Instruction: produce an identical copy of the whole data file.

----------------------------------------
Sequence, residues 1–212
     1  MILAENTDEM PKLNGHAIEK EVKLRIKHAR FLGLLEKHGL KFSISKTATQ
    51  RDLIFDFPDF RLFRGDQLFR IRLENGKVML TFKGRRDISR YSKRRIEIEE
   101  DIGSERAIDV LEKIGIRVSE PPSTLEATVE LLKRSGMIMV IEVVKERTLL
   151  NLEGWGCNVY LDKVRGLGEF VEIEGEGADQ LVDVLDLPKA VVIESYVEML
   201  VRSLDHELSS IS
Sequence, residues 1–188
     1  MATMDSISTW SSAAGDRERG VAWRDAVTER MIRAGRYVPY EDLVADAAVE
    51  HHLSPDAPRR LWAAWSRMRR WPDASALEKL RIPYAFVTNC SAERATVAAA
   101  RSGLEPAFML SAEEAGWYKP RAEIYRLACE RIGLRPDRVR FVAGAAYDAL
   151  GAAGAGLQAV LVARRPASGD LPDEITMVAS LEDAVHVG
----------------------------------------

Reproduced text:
Sequence, residues 1–212
     1  MILAENTDEM PKLNGHAIEK EVKLRIKHAR FLGLLEKHGL KFSISKTATQ
    51  RDLIFDFPDF RLFRGDQLFR IRLENGKVML TFKGRRDISR YSKRRIEIEE
   101  DIGSERAIDV LEKIGIRVSE PPSTLEATVE LLKRSGMIMV IEVVKERTLL
   151  NLEGWGCNVY LDKVRGLGEF VEIEGEGADQ LVDVLDLPKA VVIESYVEML
   201  VRSLDHELSS IS
Sequence, residues 1–188
     1  MATMDSISTW SSAAGDRERG VAWRDAVTER MIRAGRYVPY EDLVADAAVE
    51  HHLSPDAPRR LWAAWSRMRR WPDASALEKL RIPYAFVTNC SAERATVAAA
   101  RSGLEPAFML SAEEAGWYKP RAEIYRLACE RIGLRPDRVR FVAGAAYDAL
   151  GAAGAGLQAV LVARRPASGD LPDEITMVAS LEDAVHVG